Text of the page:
Analysis suggests institutional investors have an increasingly optimistic stance on the cryptocurrency ecosystem, while retail investors are still hesitant to return to the market.
Previously, BlackRock, the world’s largest investment management firm, partnered with Coinbase to offer cryptocurrency trading services to its institutional clients. A few days later, the company announced the launch of the Bitcoin Spot Private Trust.
According to Bloomberg, Leah Wald, CEO of digital asset investment management firm Valkyrie Funds, said in an interview with Bloomberg that:
“BlackRock really wouldn’t be doing this if there wasn’t significant demand from both institutional and retail clients.”
This institutional investment in the digital asset space shows that institutional interest in digital assets has not waned due to the slump in the cryptocurrency market.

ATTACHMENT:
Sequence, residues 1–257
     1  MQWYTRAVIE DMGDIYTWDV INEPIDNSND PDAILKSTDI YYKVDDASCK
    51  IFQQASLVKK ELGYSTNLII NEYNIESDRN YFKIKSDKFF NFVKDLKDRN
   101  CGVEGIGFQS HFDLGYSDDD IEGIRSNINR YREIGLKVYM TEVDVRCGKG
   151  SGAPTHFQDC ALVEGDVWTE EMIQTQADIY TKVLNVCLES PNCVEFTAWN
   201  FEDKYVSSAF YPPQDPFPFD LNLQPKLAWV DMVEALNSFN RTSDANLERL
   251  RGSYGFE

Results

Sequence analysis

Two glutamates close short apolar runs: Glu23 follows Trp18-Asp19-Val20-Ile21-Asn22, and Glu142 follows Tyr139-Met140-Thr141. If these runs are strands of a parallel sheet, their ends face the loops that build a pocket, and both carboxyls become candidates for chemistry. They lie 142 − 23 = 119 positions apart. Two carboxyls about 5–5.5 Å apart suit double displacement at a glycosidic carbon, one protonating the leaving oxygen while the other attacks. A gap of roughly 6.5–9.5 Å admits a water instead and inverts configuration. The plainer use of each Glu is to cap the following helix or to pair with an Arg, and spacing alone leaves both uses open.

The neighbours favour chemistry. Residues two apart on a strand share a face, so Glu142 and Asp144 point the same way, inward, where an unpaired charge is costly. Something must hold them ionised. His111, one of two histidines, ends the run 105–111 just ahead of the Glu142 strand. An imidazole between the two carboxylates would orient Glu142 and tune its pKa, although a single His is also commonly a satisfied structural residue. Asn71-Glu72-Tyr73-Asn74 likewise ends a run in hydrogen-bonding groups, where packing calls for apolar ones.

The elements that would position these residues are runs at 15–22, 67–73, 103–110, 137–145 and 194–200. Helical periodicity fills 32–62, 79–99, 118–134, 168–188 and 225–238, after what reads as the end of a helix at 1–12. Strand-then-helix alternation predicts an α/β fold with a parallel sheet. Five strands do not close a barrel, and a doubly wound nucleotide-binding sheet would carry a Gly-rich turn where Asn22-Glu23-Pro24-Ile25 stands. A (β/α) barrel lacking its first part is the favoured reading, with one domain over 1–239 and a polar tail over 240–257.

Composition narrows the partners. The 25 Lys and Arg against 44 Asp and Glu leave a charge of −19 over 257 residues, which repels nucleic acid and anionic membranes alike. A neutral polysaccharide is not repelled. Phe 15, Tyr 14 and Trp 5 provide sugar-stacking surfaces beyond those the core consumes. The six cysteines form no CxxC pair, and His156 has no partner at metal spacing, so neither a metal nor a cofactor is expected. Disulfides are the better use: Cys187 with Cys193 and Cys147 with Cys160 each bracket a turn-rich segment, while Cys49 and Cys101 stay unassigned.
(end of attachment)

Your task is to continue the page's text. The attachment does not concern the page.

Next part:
According to Coinbase’s second-quarter earnings report, the cryptocurrency exchange’s core retail customers have been inactive and on the sidelines.
The exchange recorded a record loss of $1.1 billion for the quarter.
James Malcolm, head of foreign exchange and crypto research at UBS, believes that the cryptocurrency market is still primarily a retail-driven market. That group will return when it feels like a bottom has been reached.
“The hope is that at some point in the future, institutions will come into the space, institutional adoption will pick up a lot, and it will start to look more like traditional financial markets. But this is still predominantly a retail-driven market,” Malcolm added.
Nevertheless, retail investors continue jumping on the Bitcoin bandwagon based on the rise of non-zero BTC addresses. Among small addresses, those holding less than one bitcoin are climbing rapidly, according to Market insight provider Glassnode.
Noelle Acheson, Head of Market Insights at Genesis, said: “This suggests that retail is participating, just not yet in the kind of size that would add more momentum to the overall market.”
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